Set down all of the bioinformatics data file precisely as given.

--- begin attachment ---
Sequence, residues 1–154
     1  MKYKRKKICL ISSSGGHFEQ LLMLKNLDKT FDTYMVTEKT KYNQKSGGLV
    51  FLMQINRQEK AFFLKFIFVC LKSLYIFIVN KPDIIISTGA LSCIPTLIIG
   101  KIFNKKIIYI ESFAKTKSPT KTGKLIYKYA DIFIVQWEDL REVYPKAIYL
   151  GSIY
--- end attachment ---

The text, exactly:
Sequence, residues 1–154
     1  MKYKRKKICL ISSSGGHFEQ LLMLKNLDKT FDTYMVTEKT KYNQKSGGLV
    51  FLMQINRQEK AFFLKFIFVC LKSLYIFIVN KPDIIISTGA LSCIPTLIIG
   101  KIFNKKIIYI ESFAKTKSPT KTGKLIYKYA DIFIVQWEDL REVYPKAIYL
   151  GSIY